Sila: An Arctic Tale
By Chantal Bilodeau
Directed by Theresa May
I first heard Sila as a staged reading at the Earth Matters on Stage Ecodrama Festival in 2012, where it won First Place. I was immediately moved the play’s brave attempt to explore the intersection of the emotional, cultural, and ecological impacts of climate change. I was intrigued by Bilodeau’s use of multiple languages in the play (English, French and Inuktitut) as well as multiple modes of storytelling as a way to demonstrate the crucial importance of traditional knowledge based on lived experience to the contemporary conversation about climate change and climate justice. I was also struck by the way the play breaks language open, inviting us to consider as a possibility “a time when humans and animal shared the same tongue and traded skins with ease.” This invitation to imagine the lived experience of both polar bear and human communities presented an immense theatrical challenge to the cast and crew of Sila. We knew that we were working against, or in spite of, the mythos and Disney images about polar bears that saturate contemporary mainstream culture. How could we avoid one more reiteration of the polar bear as a poster-child of global warming? How could we “make a bear” that tries to climb out of those expectations? Peoples of the Arctic have shared sustenance and habitat with this creature since time immemorial. We took our inspiration from contemporary Inuit artists whose work in stone expresses the interconnected kinship, the permeable worlds of bear and human. Our polar bear is a village, body of knowledge, a constellation of memory, and an expression of survivance.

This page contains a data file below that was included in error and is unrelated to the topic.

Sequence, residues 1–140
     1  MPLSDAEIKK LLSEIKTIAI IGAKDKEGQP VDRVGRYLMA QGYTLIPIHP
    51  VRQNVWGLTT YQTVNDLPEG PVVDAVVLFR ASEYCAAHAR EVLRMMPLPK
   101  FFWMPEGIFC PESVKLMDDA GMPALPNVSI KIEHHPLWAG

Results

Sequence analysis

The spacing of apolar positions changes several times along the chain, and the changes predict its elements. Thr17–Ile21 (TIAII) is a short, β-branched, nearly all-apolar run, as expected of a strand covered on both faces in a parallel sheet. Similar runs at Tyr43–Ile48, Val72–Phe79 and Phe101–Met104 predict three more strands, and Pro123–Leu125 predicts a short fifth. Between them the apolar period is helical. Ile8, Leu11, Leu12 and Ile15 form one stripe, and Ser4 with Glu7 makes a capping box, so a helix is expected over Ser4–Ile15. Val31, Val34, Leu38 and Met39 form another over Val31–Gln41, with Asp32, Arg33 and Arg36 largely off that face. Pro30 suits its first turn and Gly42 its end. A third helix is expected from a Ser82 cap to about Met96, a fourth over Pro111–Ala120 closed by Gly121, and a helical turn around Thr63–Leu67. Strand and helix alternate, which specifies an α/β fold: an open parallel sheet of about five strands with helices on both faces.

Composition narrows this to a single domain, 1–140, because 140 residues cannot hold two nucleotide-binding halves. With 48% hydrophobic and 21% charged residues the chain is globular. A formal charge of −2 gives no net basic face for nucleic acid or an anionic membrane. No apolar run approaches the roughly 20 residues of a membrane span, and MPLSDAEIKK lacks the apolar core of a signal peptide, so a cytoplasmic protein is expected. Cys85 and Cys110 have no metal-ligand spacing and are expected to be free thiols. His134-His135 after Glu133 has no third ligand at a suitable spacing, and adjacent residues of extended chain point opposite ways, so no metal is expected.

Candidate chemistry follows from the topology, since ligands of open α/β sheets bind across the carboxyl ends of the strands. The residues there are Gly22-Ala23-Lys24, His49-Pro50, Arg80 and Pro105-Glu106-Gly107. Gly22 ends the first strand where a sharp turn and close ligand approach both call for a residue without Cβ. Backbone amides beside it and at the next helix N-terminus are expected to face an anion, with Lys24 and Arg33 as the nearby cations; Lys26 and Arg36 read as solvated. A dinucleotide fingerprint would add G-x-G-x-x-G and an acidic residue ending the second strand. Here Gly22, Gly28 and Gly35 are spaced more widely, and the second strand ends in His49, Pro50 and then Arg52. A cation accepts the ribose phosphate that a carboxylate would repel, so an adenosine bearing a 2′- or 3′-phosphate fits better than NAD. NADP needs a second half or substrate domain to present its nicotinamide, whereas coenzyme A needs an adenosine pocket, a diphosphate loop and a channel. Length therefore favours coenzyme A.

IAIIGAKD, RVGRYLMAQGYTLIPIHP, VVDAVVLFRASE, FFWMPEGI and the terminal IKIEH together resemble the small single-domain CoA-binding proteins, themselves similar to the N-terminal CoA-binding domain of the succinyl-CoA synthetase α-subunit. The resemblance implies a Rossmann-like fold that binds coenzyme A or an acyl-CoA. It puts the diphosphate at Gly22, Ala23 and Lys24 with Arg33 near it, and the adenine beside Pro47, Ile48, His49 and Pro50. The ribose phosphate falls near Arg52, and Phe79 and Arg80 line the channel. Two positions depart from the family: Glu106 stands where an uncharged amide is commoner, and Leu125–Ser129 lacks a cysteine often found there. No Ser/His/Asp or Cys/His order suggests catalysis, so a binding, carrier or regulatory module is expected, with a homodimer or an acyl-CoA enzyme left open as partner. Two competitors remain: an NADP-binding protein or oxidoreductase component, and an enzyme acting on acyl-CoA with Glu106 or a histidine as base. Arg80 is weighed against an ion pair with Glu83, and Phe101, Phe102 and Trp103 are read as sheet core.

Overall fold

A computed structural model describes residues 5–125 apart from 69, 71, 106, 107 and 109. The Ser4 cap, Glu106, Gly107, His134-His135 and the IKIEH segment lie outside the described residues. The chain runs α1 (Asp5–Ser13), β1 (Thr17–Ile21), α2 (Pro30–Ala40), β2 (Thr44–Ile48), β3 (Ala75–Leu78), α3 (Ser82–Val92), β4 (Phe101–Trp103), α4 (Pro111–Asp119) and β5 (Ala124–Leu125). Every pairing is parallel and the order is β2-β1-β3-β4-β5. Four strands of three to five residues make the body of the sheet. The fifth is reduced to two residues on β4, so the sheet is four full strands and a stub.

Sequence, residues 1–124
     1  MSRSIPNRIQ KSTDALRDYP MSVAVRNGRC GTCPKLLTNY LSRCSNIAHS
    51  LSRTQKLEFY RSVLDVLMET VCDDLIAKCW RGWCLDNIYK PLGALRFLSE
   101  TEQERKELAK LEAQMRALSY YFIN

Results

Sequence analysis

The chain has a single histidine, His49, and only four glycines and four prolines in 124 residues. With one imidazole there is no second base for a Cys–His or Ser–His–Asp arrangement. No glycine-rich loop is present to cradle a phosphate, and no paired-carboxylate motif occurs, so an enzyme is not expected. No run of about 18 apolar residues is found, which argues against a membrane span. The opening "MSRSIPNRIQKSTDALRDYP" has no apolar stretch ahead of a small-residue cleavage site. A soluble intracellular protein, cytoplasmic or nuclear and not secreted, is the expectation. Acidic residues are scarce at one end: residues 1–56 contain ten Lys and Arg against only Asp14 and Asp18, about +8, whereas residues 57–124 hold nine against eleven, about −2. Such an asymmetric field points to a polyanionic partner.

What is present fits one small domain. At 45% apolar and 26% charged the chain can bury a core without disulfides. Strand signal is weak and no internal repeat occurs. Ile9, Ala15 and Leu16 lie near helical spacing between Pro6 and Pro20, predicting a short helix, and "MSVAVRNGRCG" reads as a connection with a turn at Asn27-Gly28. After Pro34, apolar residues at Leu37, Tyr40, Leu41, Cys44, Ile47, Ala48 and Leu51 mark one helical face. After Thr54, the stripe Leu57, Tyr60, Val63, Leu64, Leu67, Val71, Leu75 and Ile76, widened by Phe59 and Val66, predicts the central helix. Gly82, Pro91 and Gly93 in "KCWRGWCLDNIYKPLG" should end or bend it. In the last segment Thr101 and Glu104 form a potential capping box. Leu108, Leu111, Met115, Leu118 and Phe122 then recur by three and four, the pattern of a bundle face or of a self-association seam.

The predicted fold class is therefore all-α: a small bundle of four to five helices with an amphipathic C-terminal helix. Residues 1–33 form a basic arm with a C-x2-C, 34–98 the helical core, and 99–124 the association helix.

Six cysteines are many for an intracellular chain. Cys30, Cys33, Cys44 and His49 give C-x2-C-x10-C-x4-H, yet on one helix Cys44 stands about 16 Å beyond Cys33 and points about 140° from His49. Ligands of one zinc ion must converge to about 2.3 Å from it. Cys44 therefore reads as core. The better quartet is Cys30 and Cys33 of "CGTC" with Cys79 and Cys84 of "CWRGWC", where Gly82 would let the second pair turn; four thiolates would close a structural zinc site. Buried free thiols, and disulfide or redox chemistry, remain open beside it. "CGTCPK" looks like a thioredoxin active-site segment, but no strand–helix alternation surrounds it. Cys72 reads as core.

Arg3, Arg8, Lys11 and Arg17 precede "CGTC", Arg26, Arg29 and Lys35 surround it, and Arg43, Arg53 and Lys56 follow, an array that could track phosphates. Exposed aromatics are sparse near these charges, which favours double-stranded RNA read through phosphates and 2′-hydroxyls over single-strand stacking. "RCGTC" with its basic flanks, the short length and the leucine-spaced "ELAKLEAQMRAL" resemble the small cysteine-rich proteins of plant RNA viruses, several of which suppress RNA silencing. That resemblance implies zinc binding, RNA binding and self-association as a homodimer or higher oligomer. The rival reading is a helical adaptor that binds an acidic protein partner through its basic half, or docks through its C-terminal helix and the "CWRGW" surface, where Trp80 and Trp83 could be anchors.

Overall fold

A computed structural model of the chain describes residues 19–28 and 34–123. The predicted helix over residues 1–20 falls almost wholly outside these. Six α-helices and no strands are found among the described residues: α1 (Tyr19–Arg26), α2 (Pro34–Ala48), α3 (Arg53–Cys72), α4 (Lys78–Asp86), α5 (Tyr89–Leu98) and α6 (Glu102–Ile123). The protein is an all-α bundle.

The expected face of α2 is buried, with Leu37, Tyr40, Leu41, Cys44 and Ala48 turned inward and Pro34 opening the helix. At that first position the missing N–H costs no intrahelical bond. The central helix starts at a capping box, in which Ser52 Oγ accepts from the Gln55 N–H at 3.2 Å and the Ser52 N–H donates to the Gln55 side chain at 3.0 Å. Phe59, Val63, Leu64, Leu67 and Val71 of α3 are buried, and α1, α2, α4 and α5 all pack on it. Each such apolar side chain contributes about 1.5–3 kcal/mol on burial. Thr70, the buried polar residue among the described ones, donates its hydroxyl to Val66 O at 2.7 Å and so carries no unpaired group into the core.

Rehearsals for this production have been a rich experience of knowledge-sharing. Our cast includes Native/Alaska Native students and community, who generously shared about Arctic cultures and places. In addition to theatre arts, Sila’s cast includes students from environmental studies, music, comparative literature, linguistics, and law—all of whom added to our collective knowledge. I am grateful to each of them.